Senior staff writer
This is a tale of two high school boys coaches who are familiar to Southsiders.
First-year Greenwood Christian Academy coach Jonny Marlin is a former Center Grove basketball standout who played for three different collegiate teams in the state.
Former Indiana All-Star and Butler standout Zach Hahn has rejuvenated the boys basketball program at Center Grove since he arrived four years ago.
Both are young, energetic and passionate about basketball and the school community they serve. Each brings rich basketball experiences and a fresh perspective to their players.
Marlin, 3-3 through Dec. 21, measures victories in the most meaningful way. Although he attended public high school and two non-religious affiliated universities, the 5-10 mentor is a devout Christian and proudly claims he was raised by God-fearing parents.
“That’s the best part of this job; I get to speak to these players about Jesus freely,” Marlin said. “I’ve always had a passion to coach and to partner that with discipleship was a no-brainer.”
Marlin considered his coaching efforts as a winner during the first few days of practice with the Cougars. He revealed that he had two players accept Christ and two more who wanted to be baptized.
The 2011 graduate of Center Grove led the Trojans to a sectional championship, played one year for Indiana University-Purdue Univeersity at Fort Wayne and transferred to Indiana as a preferred walk-on for one season, capping a life’s dream to play for the Hoosiers.
However, he wasn’t able to fulfill his role as a disciple, so he transferred to Indiana Wesleyan, where he starred for two seasons, leading the Wildcats to the NAIA national championship in 2016 and earning the Pete Maravich Award. He also was a first-team NAIA All-American.
Marlin said his coaching style is a combination of his former coaches: Tony Jasick at IPFW (now Fort Wayne), Tom Crean at IU and Greg Tonagel at Indiana Wesleyan, where he served as a graduate assistant coach while completing his master’s degree.
At Greenwood Christian he succeeded Jamie Satre, who set the foundation for a solid basketball program.
“These kids have fun playing basketball, and they like to play together,” Marlin said. “I want them to play with discipline, yet there’s freedom. I want them to go out and play fearless and rely on instinct instead of thinking about what they have to do or where they need to be on the court.”
The Cougars started the season by losing their first three games before defeating Bethesda Christian, Lutheran and Southwestern.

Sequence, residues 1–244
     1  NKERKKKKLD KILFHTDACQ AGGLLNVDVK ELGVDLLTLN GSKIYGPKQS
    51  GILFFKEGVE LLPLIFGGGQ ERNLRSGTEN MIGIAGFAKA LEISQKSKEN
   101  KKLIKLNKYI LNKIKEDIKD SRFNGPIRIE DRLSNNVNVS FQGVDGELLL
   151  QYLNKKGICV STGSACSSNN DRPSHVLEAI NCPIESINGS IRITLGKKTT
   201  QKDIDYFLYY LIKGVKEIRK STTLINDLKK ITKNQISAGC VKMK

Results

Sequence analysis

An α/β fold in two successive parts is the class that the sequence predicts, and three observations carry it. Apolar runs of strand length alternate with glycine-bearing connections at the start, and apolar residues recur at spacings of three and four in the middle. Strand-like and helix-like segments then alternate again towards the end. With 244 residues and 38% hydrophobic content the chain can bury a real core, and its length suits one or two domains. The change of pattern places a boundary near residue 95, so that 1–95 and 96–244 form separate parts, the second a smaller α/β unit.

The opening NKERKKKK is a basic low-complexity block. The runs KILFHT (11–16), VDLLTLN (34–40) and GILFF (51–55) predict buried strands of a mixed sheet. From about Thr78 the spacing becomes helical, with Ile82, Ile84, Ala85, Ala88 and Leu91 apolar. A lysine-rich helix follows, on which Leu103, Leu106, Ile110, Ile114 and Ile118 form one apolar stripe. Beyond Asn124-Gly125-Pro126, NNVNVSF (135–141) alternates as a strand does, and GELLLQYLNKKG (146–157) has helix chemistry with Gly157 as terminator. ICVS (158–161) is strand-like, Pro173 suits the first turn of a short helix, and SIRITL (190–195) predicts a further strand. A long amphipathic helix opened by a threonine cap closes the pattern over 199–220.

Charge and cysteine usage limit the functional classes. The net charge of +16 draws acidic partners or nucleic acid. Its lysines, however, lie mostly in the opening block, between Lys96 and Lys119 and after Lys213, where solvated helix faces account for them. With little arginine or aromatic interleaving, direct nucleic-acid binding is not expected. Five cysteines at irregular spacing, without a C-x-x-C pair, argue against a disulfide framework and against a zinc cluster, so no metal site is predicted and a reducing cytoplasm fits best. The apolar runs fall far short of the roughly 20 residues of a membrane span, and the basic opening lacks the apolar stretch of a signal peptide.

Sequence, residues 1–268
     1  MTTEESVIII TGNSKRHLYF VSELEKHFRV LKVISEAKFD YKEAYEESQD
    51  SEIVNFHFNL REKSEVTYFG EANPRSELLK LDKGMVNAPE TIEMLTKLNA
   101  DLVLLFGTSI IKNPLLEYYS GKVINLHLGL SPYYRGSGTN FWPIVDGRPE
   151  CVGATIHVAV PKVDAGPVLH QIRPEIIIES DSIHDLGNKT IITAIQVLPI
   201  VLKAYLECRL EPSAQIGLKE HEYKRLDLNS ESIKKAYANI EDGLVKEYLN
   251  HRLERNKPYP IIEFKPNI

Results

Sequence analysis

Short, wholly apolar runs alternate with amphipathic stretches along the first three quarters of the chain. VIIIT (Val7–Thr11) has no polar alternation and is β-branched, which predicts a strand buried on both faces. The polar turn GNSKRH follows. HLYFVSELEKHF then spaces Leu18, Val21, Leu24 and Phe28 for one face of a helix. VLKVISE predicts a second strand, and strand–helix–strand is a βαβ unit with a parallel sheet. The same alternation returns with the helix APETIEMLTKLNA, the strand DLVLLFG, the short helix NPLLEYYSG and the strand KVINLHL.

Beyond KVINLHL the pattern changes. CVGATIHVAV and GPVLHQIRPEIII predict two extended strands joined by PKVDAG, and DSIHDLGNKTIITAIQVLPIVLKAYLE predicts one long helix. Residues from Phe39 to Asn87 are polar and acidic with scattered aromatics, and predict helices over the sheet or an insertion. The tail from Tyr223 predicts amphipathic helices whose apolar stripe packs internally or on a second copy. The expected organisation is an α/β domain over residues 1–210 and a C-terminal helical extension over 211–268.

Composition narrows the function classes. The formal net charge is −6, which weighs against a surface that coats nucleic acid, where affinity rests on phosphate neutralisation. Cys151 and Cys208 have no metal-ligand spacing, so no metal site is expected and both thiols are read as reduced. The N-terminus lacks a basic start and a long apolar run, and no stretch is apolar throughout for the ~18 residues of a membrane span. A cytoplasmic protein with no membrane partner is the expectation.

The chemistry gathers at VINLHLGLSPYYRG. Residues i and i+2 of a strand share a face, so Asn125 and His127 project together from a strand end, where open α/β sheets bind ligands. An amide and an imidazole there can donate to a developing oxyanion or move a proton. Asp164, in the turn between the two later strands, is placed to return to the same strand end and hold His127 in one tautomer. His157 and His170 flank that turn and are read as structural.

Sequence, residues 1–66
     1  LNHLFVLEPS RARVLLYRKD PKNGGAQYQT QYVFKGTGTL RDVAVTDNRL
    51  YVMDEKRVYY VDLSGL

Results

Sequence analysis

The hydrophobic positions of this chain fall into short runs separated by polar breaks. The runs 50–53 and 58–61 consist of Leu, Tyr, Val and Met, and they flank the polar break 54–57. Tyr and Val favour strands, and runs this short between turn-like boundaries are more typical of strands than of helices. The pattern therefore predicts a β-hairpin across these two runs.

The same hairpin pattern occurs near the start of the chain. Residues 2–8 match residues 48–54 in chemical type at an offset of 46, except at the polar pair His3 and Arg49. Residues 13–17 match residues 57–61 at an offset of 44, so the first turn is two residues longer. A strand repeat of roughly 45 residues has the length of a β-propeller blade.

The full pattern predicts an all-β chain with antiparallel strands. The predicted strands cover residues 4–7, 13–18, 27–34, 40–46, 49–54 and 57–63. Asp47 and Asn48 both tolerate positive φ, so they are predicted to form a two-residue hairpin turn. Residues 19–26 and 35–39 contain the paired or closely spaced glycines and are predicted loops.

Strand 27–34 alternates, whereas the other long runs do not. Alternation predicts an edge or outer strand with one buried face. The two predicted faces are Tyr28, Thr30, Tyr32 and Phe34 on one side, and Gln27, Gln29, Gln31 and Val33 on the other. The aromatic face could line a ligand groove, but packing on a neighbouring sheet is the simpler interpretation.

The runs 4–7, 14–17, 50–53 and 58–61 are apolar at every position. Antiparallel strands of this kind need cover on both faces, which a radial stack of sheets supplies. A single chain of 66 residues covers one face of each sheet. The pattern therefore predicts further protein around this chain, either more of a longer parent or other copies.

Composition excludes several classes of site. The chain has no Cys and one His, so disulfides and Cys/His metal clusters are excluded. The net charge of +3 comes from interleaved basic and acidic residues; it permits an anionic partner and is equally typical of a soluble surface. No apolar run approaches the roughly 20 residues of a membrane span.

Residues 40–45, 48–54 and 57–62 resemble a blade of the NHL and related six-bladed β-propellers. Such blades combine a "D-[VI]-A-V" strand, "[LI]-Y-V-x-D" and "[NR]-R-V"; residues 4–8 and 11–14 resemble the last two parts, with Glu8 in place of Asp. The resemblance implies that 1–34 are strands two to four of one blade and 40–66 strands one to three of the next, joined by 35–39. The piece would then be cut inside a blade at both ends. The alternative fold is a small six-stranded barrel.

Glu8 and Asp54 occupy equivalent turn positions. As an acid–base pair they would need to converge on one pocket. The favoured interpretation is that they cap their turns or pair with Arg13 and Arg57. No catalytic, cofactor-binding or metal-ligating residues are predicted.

An Indiana All-Star from New Castle, Hahn played for Brad Stevens at Butler and reached the NCAA championship game for two consecutive years. Does anything more need to be written?
Yes, mostly because of Hahn’s leadership abilities.
He was a team captain at New Castle, for the Indiana All-Stars and at Butler. He served as an assistant coach for three years at Ben Davis under Franklin Central coach Mark James.
Hahn – in virtually every interview with The Southsider Voice – doesn’t talk much about individual players; it’s all about the team.
The Trojans have one of the nation’s top players in 6-9 Trayce Jackson-Davis and are 8-1 with game Friday night against Greenwood, followed by a trip to Metropolitan Interscholastic Conference foe Carmel on Jan. 5 and the Johnson County tourney.
He talked briefly about Jackson-Davis’ improvement from last season to his junior year: “He’s matured physically. His focus is better. He’s totally orientated; he’s driven now. His offseason work matches his in-season work and when you do that, you improve.”
Hahn praised his players for their work ethics and maturity.
He admits that he has changed as a coach. “I’ve always had higher expectations, but I’ve given the players more responsibility. The first couple of years you want to run the show and get everybody doing exactly want you want. Here in Years 3 and 4, I get to sit back a little more and watch the kids work and run the show. That’s hard for me because I like to be vocal and a leader for our guys.”
“It’s been a big learning curve. The biggest thing I’ve learned is that the more you trust your players, the more they will give back to you and the program,” he said.
This is the fourth year for seniors under Hahn’s tutelage. “It’s nice having some upperclassmen know what you’re trying to do.”